Former Marvell Technology Employee Ng Charged in Nationwide Insider Probe
By Bob Van Voris – Aug 11, 2011 12:01 AM ET
U.S. prosecutors charged former Marvell Technology Group Ltd. (MRVL) accountant Stanley Ng with conspiracy as part of a nationwide probe of insider trading involving so-called expert networking firms.
Ng, 42, provided material non-public information to Winifred Jiau, a former consultant with expert-networking firm Primary Global Research LLC, according to a criminal complaint filed Aug. 5 and made public yesterday in federal court in New York.
Ng was arrested at his home and appeared yesterday before U.S. Magistrate Judge Bernard Zimmerman in San Jose, California, according to a statement by U.S. Attorney Preet Bharara in New York. Ng was released on a $50,000 bond secured by his home in Cupertino, California, and is scheduled to appear Aug. 26 in court in Manhattan. He faces as long as five years in prison if convicted.
Jiau, 43, was convicted in June of one count each of conspiracy and securities fraud for passing earnings and other information about Nvidia Corp. (NVDA) and Marvell to hedge fund managers Noah Freeman, a former SAC Capital Advisors LP portfolio manager, and Samir Barai, founder of New York-based Barai Capital Management LP.
Barai and Freedman have pleaded guilty and are cooperating with prosecutors.
Prosecutors claimed that Ng and Sonny Nguyen, 39, then an employee in Nvidia Corp.’s finance department, were recruited into an “investment club” with Jiau, where they agreed to give her inside information about their companies. Nguyen has pleaded guilty.
Jiau gave the two men gifts and bought them meals at the Cheesecake Factory and other restaurants, according to the complaint. In May 2008, Barai sent Jiau an e-mail asking for the “M cookbook recipe,” referring to Marvell’s non-public earnings information, according to the government. Based on information from Ng, Jiau told Barai that the company’s earnings per share exceeded analyst expectations by as much as six cents, according to the complaint.
Three months later, Barai asked Jiau again for the “M recipe,” or information on Marvell’s new quarterly earnings, according to the complaint. Marvell, based in Santa Clara, California, makes chips for personal computers and mobile phones.
Jiau explained to Barai her reluctance to call Ng too often.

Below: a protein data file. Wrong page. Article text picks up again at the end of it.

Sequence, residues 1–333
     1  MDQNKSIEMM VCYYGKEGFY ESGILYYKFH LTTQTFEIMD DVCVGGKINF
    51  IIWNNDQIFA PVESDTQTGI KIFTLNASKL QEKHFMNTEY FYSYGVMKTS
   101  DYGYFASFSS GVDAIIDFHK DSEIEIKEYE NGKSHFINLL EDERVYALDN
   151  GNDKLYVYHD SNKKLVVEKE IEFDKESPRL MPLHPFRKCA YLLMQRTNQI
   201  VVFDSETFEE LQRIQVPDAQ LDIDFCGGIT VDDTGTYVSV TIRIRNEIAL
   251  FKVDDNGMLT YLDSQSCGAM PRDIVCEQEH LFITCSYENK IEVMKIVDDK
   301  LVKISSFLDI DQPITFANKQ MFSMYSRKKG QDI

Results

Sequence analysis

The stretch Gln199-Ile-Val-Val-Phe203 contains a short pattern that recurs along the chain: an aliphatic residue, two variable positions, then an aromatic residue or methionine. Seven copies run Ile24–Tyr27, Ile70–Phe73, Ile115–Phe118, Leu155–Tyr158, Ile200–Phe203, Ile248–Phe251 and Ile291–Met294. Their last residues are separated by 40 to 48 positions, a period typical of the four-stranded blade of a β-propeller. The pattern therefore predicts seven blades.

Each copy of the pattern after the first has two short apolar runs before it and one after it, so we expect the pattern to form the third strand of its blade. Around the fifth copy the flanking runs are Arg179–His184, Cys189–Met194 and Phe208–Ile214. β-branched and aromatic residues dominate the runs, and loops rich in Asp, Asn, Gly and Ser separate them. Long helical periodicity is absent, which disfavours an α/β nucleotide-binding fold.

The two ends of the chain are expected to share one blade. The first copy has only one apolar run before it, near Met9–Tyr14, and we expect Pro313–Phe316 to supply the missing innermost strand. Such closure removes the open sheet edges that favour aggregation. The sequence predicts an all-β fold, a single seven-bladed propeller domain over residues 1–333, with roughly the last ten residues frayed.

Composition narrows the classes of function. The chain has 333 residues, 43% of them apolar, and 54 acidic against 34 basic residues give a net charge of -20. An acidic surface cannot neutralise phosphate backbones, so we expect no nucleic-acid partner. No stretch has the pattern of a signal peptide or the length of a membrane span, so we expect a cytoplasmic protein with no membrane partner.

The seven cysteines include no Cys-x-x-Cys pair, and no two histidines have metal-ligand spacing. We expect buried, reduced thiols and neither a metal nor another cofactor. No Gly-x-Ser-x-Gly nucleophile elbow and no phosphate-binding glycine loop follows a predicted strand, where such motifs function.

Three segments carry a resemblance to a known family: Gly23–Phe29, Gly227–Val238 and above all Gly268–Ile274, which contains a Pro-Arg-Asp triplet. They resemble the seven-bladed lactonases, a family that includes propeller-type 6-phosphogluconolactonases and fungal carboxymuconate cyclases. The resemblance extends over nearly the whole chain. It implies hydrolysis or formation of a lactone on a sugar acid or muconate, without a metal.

“Sorry. My cook feels like he is watched,” she told Barai in an instant message, the government said.
Expert networking firms such as Primary Global, based in Mountain View, California, link investors with industry experts at public companies.
Jiau was the first of the so-called expert networkers to go to trial. The U.S. has charged at least 15 people, including consultants and fund managers, with insider trading in the investigation of expert networking firms. At least 12 people have pleaded guilty in the investigation. James Fleishman, a former Primary Global sales manager, is scheduled to be tried later this month.
Galleon Group LLC co-founder Raj Rajaratnam was convicted May 11 of directing the largest hedge fund insider-trading ring. Prosecutors are seeking a prison sentence of as long as 24 years and five months for Rajaratnam. Ex-Galleon trader Zvi Goffer was convicted with two others June 13 on related charges and faces as long as 20 years on the most serious counts.
Jurors at Jiau’s trial saw evidence of Barai’s fund buying hundreds of thousands of shares of Marvell stock in May 2008 after obtaining information Jiau allegedly got Ng, who worked as an accountant for Marvell and allegedly tipped her about the company’s earnings in May 2008.
Prosecutors showed the jury evidence that Jiau had also worked at Nvidia briefly in 2007. She befriended both Nguyen and Ng to get her the information she then sold to Barai and Freeman.
Ng was hired by Marvell in 2002 to be the company’s SEC reporting manager, according to the complaint. He had access to the company’s financial records and regulatory filings before they became public, according to the government.
Ng was placed on administrative leave by Marvell in January after he refused to cooperate with an internal investigation, according to court records.
The case is U.S. v. Ng, 11-02096, U.S. District Court, Southern District of New York(Manhattan).
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